In Ellery Eells & James Fetzer (eds.), The Place of Probability in Science. Springer. pp. 247--275 (2010)

Authors
Branden Fitelson
Northeastern University
Abstract
The Paradox of the Ravens (a.k.a,, The Paradox of Confirmation) is indeed an old chestnut. A great many things have been written and said about this paradox and its implications for the logic of evidential support. The first part of this paper will provide a brief survey of the early history of the paradox. This will include the original formulation of the paradox and the early responses of Hempel, Goodman, and Quine. The second part of the paper will describe attempts to resolve the paradox within a Bayesian framework, and show how to improve upon them. This part begins with a discussion of how probabilistic methods can help to clarify the statement of the paradox itself. And it describes some of the early responses to probabilistic explications. We then inspect the assumptions employed by traditional (canonical) Bayesian approaches to the paradox. These assumptions may appear to be overly strong. So, drawing on weaker assumptions, we formulate a new-and-improved Bayesian confirmation-theoretic resolution of the Paradox of the Ravens.
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References found in this work BETA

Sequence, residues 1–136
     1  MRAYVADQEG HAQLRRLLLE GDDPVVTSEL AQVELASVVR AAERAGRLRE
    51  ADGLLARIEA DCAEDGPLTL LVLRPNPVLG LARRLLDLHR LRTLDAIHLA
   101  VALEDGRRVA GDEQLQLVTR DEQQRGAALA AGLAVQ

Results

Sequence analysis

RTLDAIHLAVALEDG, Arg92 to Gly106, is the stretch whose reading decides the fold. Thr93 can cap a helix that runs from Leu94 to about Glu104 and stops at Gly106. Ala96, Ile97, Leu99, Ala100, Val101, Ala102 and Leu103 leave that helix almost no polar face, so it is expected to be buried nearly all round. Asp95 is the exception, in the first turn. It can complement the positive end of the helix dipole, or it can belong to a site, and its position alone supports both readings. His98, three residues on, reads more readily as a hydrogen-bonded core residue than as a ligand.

Fact, Fiction, and Forecast.Nelson Goodman - 1955 - Harvard University Press.
Bayes or Bust?John Earman - 1992 - Bradford.
Causality and Properties.Sydney Shoemaker - 1980 - In Peter van Inwagen (ed.), Time and Cause. D. Reidel. pp. 109-35.
The Continuum of Inductive Methods.Rudolf Carnap - 1952 - Chicago, IL, USA: University of Chicago Press.

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Citations of this work BETA

The Paradox of Confirmation.Branden Fitelson - 2006 - Philosophy Compass 1 (1):95–113.
Hypothetico-Deductive Confirmation.Jan Sprenger - 2011 - Philosophy Compass 6 (7):497-508.
On the Truth-Conduciveness of Coherence.William Roche - 2014 - Erkenntnis 79 (S3):647-665.

View all 20 citations / Add more citations

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The Paradox of Confirmation.Branden Fitelson - 2006 - Philosophy Compass 1 (1):95–113.
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Evidence.Victor DiFate - 2007 - Internet Encyclopedia of Philosophy.

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